Volkswagen’s CEO resigns following emission test scandal



Volkswagen‘s Chief Executive Officer Martin Winterkorn announced his resignation Wednesday emission test crisis. Winterkorn said on Wednesday he took full responsibility for the scandal, in which the company admitted that 11m cars were installed with a defeat device that reduced emissions under test conditions only, but he denied personal wrongdoing. Volkswagen’s stock market value has fallen dramatically since the admission this week. Winterkorn described the situation facing the carmaker as a “grave crisis”.

Volkswagen faces up to £12bn in fines and is the subject of multiple investigations after the US Environmental Protection Agency accused it of manipulating tests on 18 September.

The company will reportedly have to set aside $7.3 billion to deal with the issue.

Winterkorn said he is shocked by the events of the past few days, and also stunned that misconduct on such a scale was possible in the Volkswagen Group.

He said “As CEO I accept responsibility for the irregularities that have been found in diesel engines and have therefore requested the Supervisory Board to agree on terminating my function as CEO of the Volkswagen Group. I am doing this in the interests of the company even though I am not aware of any wrong doing on my part. Volkswagen needs a fresh start – also in terms of personnel. I am clearing the way for this fresh start with my resignation.”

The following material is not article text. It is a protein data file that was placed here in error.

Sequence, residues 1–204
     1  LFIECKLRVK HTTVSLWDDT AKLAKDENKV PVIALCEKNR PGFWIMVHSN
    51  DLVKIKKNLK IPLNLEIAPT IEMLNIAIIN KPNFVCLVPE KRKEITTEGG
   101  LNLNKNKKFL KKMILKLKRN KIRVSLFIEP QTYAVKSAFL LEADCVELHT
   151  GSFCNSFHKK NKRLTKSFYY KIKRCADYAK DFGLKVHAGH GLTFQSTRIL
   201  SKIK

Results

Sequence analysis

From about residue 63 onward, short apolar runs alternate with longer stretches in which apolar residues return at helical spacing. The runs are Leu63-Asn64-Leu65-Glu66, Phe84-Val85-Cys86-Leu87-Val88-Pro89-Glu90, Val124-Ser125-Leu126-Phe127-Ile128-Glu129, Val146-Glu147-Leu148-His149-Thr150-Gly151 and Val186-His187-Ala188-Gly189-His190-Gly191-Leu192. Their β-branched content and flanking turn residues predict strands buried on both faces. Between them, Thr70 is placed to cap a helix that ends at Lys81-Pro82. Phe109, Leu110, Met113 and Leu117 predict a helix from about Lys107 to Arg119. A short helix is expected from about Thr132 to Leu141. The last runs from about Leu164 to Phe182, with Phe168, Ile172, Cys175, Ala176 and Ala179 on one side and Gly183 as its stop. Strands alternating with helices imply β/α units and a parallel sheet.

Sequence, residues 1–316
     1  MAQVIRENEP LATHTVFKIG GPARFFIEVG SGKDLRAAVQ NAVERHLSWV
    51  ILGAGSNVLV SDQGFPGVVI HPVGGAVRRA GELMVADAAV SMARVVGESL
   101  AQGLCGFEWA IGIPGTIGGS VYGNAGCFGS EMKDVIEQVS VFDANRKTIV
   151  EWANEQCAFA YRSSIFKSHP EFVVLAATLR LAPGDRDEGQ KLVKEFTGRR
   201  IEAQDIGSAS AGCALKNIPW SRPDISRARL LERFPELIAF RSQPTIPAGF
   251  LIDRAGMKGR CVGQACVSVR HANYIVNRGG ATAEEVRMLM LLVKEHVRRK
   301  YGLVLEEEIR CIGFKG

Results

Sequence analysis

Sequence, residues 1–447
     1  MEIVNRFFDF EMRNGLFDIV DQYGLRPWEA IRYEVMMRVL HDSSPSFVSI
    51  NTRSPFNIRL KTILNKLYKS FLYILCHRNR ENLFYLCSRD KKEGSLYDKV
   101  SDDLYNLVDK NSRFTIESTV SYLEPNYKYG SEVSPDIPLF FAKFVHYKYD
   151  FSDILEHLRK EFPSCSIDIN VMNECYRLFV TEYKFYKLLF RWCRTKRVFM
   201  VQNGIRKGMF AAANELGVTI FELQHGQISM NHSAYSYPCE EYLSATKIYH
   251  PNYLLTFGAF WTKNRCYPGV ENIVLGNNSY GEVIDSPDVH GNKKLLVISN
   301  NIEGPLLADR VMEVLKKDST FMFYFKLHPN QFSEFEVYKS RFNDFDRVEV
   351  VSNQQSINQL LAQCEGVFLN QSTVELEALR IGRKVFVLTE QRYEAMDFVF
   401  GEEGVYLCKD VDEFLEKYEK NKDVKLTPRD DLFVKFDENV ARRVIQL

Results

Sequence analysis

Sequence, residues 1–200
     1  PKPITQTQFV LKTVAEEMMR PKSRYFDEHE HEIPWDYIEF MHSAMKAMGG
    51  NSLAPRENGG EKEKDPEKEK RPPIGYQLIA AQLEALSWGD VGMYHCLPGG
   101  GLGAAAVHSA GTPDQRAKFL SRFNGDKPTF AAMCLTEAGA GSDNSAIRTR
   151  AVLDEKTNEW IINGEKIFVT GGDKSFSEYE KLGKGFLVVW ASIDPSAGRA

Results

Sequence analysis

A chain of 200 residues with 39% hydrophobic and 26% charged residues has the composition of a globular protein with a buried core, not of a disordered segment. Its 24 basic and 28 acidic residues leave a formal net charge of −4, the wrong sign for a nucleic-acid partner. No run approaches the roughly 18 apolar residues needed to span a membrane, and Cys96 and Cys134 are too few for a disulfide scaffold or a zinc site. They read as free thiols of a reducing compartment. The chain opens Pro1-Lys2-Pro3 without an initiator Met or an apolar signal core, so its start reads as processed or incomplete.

Winterkorn had been CEO since 2007 of the sprawling Volkswagen Group—numbering 13 brands from VW to Audi, Porsche, Lamborghini and Bugatti—with some 580,000 employees. VW’s supervisory board said it would name Winterkorn’s successor Friday and that it expected “further personnel consequences” in the coming days. It added that Winterkorn “had no knowledge of the manipulation of emissions data.”

The German government was also dragged in after it admitted that it already knew about “defeat devices” that can cheat emissions tests.

German public prosecutors said they were considering launching a criminal investigation into the scandal and are examining a collection of legal claims that have been filed by private individuals against Volkswagen.

Source: The Guardian